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Join the hub and help improve shared learning for patient safety

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I’m a critical care outreach nurse in Brighton, I also work for the charity Patient Safety Learning. I recently completed a Darzi Fellowship which had a focus on learning from deaths and serious incidents, and it made me think: why are we not sharing learning?

I was frustrated at how recurrent harm is persistent in our healthcare system and wanted to take a practical approach to attempt to ensure harm doesn’t keep happening. Working both clinically and within Patient Safety Learning seemed to be the perfect fit.

Patient Safety Learning has established six evidence-based foundations for actions to address the causes of unsafe care. These are: shared learning, leadership, professionalising patient safety, patient engagement, data and insight, and culture. These foundations form the basis of our latest report, A Blueprint for Action.

In our report, we propose the actions needed within each of these six areas both actions for organisations to take, and actions that Patient Safety Learning will take.

Shared learning for patient safety

In our previous report, A Patient-Safe Future, we made the case that healthcare is systematically poor at learning from harm. As a result, different patients will suffer the same kinds of harm over and over. Even when we do find effective solutions to prevent avoidable harm, these are shared slowly, and patients continue to suffer harm from problems that others have already addressed.

If we are to secure a patient-safe future, we need to find ways of learning how to deliver care safely, as well as avoiding harm. (In the jargon, we have to embrace and build on both Safety I and Safety II.)

If patients are to be safer, we need people and organisations to share learning when they respond to incidents of avoidable harm, and when they develop good practice for making care safer.

In a patient-safe future, we will see patients, clinicians, managers and health and social care system leaders share learning about safety practice and performance to make care safer.

Patient Safety Learning’s the hub

Patient Safety Learning also has a role to play, and we want to facilitate the improvement of shared learning for patient safety. As part of this, we have created the hub, an online platform and community for people to share learning about patient safety problems, experiences and solutions.

the hub allows people to learn, share and develop key ideas and techniques to improve patient safety. It fosters communities of interest and gives people a safe place to discuss issues that may be of interest or concern to them. It provides a collaborative environment for people to come together to build on improvements that have already begun and adapt solutions for local implementation.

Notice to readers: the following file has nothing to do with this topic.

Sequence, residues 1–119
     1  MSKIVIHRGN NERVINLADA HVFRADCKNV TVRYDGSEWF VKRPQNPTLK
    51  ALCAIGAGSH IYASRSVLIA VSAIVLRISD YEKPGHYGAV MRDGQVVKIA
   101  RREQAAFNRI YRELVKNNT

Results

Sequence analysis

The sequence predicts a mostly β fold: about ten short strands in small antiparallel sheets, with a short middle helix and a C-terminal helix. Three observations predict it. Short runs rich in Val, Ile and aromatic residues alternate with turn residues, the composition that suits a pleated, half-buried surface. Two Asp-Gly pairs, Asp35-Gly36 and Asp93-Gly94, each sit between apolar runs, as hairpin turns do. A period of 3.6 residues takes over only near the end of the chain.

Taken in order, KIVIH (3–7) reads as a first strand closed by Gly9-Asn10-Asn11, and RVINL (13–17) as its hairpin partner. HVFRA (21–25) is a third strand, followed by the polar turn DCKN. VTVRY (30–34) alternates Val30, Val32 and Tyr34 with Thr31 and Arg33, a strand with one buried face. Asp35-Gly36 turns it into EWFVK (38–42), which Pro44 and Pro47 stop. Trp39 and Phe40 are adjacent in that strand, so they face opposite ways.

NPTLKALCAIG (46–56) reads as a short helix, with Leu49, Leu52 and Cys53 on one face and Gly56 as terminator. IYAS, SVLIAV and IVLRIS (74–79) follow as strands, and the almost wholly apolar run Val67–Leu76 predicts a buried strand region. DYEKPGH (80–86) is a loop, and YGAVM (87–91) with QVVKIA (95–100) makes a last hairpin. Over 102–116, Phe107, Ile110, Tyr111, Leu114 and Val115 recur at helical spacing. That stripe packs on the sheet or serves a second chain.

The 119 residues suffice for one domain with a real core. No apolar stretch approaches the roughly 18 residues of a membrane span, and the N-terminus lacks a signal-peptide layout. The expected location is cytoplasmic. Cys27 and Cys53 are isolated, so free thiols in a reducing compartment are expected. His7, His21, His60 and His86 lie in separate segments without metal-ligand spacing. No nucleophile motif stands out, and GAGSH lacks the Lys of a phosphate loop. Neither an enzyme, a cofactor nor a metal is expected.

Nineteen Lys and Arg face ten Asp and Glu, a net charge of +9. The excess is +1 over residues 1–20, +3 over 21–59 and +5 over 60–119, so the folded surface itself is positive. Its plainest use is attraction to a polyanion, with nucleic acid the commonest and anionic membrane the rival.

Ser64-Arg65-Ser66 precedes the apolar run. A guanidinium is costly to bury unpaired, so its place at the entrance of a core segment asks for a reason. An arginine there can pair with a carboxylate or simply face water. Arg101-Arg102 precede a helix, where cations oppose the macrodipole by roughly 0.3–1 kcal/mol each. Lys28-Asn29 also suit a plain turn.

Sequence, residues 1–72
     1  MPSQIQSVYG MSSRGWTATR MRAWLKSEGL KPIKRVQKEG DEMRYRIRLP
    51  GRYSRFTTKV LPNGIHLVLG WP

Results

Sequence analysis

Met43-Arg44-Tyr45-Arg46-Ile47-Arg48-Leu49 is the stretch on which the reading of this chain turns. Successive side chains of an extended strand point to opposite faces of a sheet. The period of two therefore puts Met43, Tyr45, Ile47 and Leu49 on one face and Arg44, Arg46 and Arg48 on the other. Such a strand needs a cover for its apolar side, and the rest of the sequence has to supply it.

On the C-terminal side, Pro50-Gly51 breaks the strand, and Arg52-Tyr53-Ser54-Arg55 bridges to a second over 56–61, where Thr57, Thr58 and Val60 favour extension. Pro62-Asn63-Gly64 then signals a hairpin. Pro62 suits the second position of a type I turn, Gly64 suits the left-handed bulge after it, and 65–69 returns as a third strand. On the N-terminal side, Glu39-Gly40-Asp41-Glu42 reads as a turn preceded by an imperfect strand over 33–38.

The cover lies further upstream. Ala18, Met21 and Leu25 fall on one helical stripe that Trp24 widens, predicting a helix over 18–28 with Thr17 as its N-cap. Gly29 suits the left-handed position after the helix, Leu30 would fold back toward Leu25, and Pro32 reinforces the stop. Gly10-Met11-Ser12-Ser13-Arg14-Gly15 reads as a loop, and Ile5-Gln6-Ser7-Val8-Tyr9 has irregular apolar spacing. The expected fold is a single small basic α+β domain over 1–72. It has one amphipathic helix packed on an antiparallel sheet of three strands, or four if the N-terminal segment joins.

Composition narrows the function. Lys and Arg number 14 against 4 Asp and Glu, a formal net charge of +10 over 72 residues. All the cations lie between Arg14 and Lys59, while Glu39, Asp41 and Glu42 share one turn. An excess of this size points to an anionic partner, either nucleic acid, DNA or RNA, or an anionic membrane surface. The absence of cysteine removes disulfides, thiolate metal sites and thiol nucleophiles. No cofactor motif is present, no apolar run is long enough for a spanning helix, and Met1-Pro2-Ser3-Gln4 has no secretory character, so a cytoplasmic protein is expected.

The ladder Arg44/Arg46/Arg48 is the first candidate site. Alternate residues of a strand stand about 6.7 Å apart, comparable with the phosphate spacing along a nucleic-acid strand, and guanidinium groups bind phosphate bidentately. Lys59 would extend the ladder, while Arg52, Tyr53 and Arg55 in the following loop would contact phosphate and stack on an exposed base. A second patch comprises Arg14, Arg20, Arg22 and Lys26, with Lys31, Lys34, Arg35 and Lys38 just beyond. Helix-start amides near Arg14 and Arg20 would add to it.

How you can get involved?

the hub was launched at the Patient Safety Congress in July this year. It’s currently in beta, and we want to encourage everyone in healthcare to sign up as a member and begin using it. Your participation and feedback will be hugely valuable to us as we prepare for the full launch at the Patient Safety Learning Annual Conference on 2 October. the hub is free of charge for use by everyone including clinicians, patients, managers, policy makers, regulators, researchers and members of the public.

We will nurture and grow the hub. We want users to find it valuable and stimulating, so we will:

  • Provide editorial support to source, curate, commission and develop content
  • Support users in their conversations and ensure that for critical elements, such as descriptions of tools for patient safety, certain quality standards apply
  • Support and encourage communities of interest to share knowledge and support each other
  • Explore ways for organisations to use and support the hub
  • Connect the hub to other sites to give our users the widest possible access to learning for patient safety.

Will you join us in our aim to improve patient safety by sharing your learning, learning from others and working in collaboration with others in healthcare? Register for the hub now to join this growing community and play your part in improving shared learning.

I am more than happy to help you upload any content, start a conversation or just answer any questions – please get in touch with me.


  1. Claire,

    I like your blog and I like your hub. I'd be interested in your views on the following: What is the relationship in patient safety, what the NHS call quality, and what the rest of the UK call quality? This is an area that I'm very interested in and I have a view that if the NHS could understand this relationship then this would help to address the 'recurrent harm is persistent in our healthcare system' you refer to in your blog. If your hub is interested in defining this relationship then I'd love to join.



  2. Thanks Claire - this was very interesting and loved the blogs on the hub esp Martin Langhams which was really though provoking

    1. Thanks Elizabeth,  I worked with Martin a few years back - he has a great insight in this area.  I'm really glad you have been looking on the would be great if you could post something too?

  3. Hi Claire. I am a member of Q Ireland. We are currently working on a new National Clinical Audit Programme. I am working on a National Clinical Audit Guidance and Toolkit and would love to hear from you and perhaps signpost me to some up to date resources, our last guide was updated in 2013.

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